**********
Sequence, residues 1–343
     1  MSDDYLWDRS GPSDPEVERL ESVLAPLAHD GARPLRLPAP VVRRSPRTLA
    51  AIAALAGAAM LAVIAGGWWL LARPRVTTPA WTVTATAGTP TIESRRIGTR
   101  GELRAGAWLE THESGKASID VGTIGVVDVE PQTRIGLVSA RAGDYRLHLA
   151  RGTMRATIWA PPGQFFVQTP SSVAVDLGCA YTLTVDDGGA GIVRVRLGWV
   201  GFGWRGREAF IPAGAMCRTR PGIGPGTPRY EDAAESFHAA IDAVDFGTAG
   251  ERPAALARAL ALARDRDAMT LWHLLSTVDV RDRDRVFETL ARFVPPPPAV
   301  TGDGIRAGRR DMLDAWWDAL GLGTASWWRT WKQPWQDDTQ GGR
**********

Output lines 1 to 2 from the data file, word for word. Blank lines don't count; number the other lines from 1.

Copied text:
Sequence, residues 1–343
     1  MSDDYLWDRS GPSDPEVERL ESVLAPLAHD GARPLRLPAP VVRRSPRTLA